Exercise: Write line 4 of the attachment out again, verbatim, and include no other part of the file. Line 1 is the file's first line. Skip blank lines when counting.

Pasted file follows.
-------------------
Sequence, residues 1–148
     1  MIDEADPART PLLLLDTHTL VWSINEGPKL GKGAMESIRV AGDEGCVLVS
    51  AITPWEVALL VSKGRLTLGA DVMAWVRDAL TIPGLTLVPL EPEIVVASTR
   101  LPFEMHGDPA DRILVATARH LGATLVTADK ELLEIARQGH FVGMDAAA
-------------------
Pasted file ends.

   101  LPFEMHGDPA DRILVATARH LGATLVTADK ELLEIARQGH FVGMDAAA